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Dutch Braille

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Title: Dutch Braille  
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Dutch Braille

Dutch Braille
Netherland Braille
Languages Dutch
Creator Vlaams-Nederlandse Braille-commissie (1946–1947)
Parent systems
Print basis
Dutch alphabet

Dutch Braille is the braille alphabet used for the Dutch language in the Netherlands. It is apparently not used in Flanders.


In the Netherlands, braille was introduced in 1890. In Belgium, braille has been in use at least since the foundation of the Brailleliga in 1922, but probably earlier.

Over the course of time, five different braille alphabets have been in use. One of these early alphabets was based on the pronunciation of Dutch. It is still used for example by office clerks and students for making notes.

In 1946, the Vlaams-Nederlandse Braille-commissie (Flemish–Netherlands Braille Committee) was founded to decide on a uniform braille alphabet for the Dutch language. This was introduced in 1947. It is supposed to be the standard for both countries, but a different alphabet continues in use in Flanders.


Netherland Braille assigns international y to the vowel ij. Three letters for print digraphs follow German Braille (though Dutch oe [u] is pronounced very differently from German oe/ö).[1][2]

⠁ (braille pattern dots-1)
a, 1
⠃ (braille pattern dots-12)
b, 2
⠉ (braille pattern dots-14)
c, 3
⠙ (braille pattern dots-145)
d, 4
⠑ (braille pattern dots-15)
e, 5
⠋ (braille pattern dots-124)
f, 6
⠛ (braille pattern dots-1245)
g, 7
⠓ (braille pattern dots-125)
h, 8
⠊ (braille pattern dots-24)
i, 9
⠚ (braille pattern dots-245)
j, 0
⠅ (braille pattern dots-13)
⠇ (braille pattern dots-123)
⠍ (braille pattern dots-134)
⠝ (braille pattern dots-1345)
⠕ (braille pattern dots-135)
⠏ (braille pattern dots-1234)
⠟ (braille pattern dots-12345)
⠗ (braille pattern dots-1235)
⠎ (braille pattern dots-234)
⠞ (braille pattern dots-2345)
⠥ (braille pattern dots-136)
⠧ (braille pattern dots-1236)
⠭ (braille pattern dots-1346)
⠽ (braille pattern dots-13456)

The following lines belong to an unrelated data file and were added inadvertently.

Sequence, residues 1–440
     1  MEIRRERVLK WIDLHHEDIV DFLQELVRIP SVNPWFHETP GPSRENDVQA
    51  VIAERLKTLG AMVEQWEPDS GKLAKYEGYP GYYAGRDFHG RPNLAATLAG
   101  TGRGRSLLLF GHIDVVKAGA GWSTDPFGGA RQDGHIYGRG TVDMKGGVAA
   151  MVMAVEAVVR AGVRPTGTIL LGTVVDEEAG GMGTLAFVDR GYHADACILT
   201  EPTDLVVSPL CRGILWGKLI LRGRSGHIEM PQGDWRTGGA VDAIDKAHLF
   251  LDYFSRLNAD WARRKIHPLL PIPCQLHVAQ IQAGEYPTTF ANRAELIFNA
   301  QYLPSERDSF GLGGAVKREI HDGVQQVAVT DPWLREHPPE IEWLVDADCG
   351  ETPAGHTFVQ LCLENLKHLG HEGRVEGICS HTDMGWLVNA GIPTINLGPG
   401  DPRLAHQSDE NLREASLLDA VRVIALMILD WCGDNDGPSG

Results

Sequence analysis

⠵ (braille pattern dots-1356)
⠪ (braille pattern dots-246)
⠹ (braille pattern dots-1456)
⠱ (braille pattern dots-156)

For letters with diacritics in foreign words, French Braille is used. Where this conflicts with Dutch values (y/ij, ö/oe, ô/ch, û/sch), a dot-6 prefix is used to specify the French reading: y, û.

Unesco (2013) presents a Dutch Braille alphabet that is identical to the French. It appears that this is Belgian Dutch Braille.[3]


⠂ (braille pattern dots-2)
⠆ (braille pattern dots-23)
⠒ (braille pattern dots-25)
⠲ (braille pattern dots-256)
⠢ (braille pattern dots-26)
⠖ (braille pattern dots-235)
⠶ (braille pattern dots-2356)
( )
⠦ (braille pattern dots-236)
⠴ (braille pattern dots-356)
⠄ (braille pattern dots-3)
⠤ (braille pattern dots-36)
⠌ (braille pattern dots-34)
⠔ (braille pattern dots-35)
⠬ (braille pattern dots-346)

Unesco (2013) has the opposite assignments for parentheses and quotation marks, and respectively. They also add and for square brackets, [ ].[5] This appears to be Belgian usage.[3]


⠨ (braille pattern dots-46)
⠘ (braille pattern dots-45)
⠸ (braille pattern dots-456)
⠼ (braille pattern dots-3456)

See also


  1. ^ [1]
  2. ^ Het brailleschrift
  3. ^ a b See, for example, the Dutch braille chart provided by the Flemish Vereniging van Blinden en Slechtzienden (Association for the Blind and Visually Impaired) here.
  4. ^ And thus the ellipsis,
  5. ^ UNESCO (2013) World Braille Usage, 3rd edition.
  • Brailleliga, historiek (Dutch)
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